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BEE SHOCK FOR REAL ESTATE AGENTS IN SOUTH AFRICA

Staff Writer | 28 April 2024



The Property Practitioners Regulatory Authority (PPRA) now wants all real estate agencies to meet level 8 Broad-Based Black Economic Empowerment (B-BBEE) requirements, which could be problematic for 65% of the industry.


Section 48 of the new Property Practitioners Act (which came into effect in February 2022) states that no entity may act in the capacity of a property practitioner without a valid Fidelity Fund Certificate (FFC), and it further makes it clear that an FFC may not be issued without a BEE certificate.


There are three categories for B-BBEE: Exempt Micro Enterprise (EME), Qualifying Small Enterprise (QSE), and Generic.


These categories are determined by a business’s annual turnover, with EMEs having the smallest turnover at less than R2.5 million and Generic businesses making over R35 million.


However, according to a City Press report, Jan le Roux, the CEO of the Real Estate Business Owners of South Africa (Rebosa), noted a concerning shift in the PPRA’s requirements for the next round of FFCs for 2025.


Le Roux said the surprise was first noted in a webinar with speakers Deli Nkambule, legal manager and acting transformation manager at the PPRA, and Chris Dykes CEO of Infinity Learning to clarify matters around BEE certificates.


According to Le Roux, only a valid BEE certificate is currently required. This means the certificate is valid if it has been issued by a proper verification registered with SANAS (South African National Accreditation System) and that no minimum score is required.

However, Nkambule explained that “the PPRA’s position is that it will not issue an FFC unless a compliant BEE certificate accompanies the application.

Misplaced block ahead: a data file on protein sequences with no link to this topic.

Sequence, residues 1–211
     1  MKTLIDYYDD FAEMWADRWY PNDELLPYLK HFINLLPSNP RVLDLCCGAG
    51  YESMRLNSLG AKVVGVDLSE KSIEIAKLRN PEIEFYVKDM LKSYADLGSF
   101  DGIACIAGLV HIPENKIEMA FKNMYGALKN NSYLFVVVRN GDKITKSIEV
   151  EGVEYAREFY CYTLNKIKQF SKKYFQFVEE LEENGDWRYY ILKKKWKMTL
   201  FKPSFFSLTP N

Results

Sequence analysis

“The accepted level of compliance is 40 points or more (BEE Level 8). You will not be issued a BEE certificate if you score below 40 (making your BEE certificate non-compliant),” she said.


Le Roux said this is a major concern, especially for small businesses, sole proprietorships, “one-man bands or mom-and-pop shops,” as he calls them because it amounts to more than 50% black ownership.


He added that the majority of BEE certificates obtained in the previous round of FFC issued in 2023 were noncompliant.


“Based on estimates, it is likely that most of the almost 6,000 certificates issued scored below the 40-point mark.


“Despite this, the PPRA went ahead and issued FFCs, even though the minimum BEE score was not met. According to our sources, the process was mainly aimed at gathering information, and there was no minimum requirement,” he said.


However, it seems this has changed.


Speaking to City Press, Le Roux noted the consequences could be catastrophic, as close to 65% of the real estate agencies in the country are small businesses or sole proprietorships.


He said even if real estate agencies do not get their fidelity fund certificates by 2025 due to an insufficient BEE score, they will not stop trading.


Piet le Roux, CEO of Sakeliga, said that they already have plans to fight the PPRA in court and invite businesses affected to join the legal action.


The PPRA’s surprise shift has been described as illegal, unconstitutional, and harmful to the economy. It has also given too little consideration to the industry’s composition.


‘Disclaimer - The views expressed here are not necessarily those of the BEE CHAMBER’.


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